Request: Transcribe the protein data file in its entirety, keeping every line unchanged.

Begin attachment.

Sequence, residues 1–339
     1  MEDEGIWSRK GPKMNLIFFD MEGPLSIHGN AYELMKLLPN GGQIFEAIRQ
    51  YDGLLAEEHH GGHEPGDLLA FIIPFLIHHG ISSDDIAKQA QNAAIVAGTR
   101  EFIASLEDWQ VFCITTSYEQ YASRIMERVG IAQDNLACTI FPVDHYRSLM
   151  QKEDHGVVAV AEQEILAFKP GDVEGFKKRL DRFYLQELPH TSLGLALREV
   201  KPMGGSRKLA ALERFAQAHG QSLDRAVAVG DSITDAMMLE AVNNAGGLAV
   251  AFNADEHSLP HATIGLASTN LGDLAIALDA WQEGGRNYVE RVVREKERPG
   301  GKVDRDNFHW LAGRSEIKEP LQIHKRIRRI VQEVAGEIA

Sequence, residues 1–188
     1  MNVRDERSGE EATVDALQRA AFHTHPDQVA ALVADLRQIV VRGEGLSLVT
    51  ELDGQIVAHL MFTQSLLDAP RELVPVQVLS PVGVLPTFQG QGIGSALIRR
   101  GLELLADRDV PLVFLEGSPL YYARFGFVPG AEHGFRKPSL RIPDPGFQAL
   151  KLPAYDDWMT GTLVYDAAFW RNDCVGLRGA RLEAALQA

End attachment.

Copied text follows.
Sequence, residues 1–339
     1  MEDEGIWSRK GPKMNLIFFD MEGPLSIHGN AYELMKLLPN GGQIFEAIRQ
    51  YDGLLAEEHH GGHEPGDLLA FIIPFLIHHG ISSDDIAKQA QNAAIVAGTR
   101  EFIASLEDWQ VFCITTSYEQ YASRIMERVG IAQDNLACTI FPVDHYRSLM
   151  QKEDHGVVAV AEQEILAFKP GDVEGFKKRL DRFYLQELPH TSLGLALREV
   201  KPMGGSRKLA ALERFAQAHG QSLDRAVAVG DSITDAMMLE AVNNAGGLAV
   251  AFNADEHSLP HATIGLASTN LGDLAIALDA WQEGGRNYVE RVVREKERPG
   301  GKVDRDNFHW LAGRSEIKEP LQIHKRIRRI VQEVAGEIA

Sequence, residues 1–188
     1  MNVRDERSGE EATVDALQRA AFHTHPDQVA ALVADLRQIV VRGEGLSLVT
    51  ELDGQIVAHL MFTQSLLDAP RELVPVQVLS PVGVLPTFQG QGIGSALIRR
   101  GLELLADRDV PLVFLEGSPL YYARFGFVPG AEHGFRKPSL RIPDPGFQAL
   151  KLPAYDDWMT GTLVYDAAFW RNDCVGLRGA RLEAALQA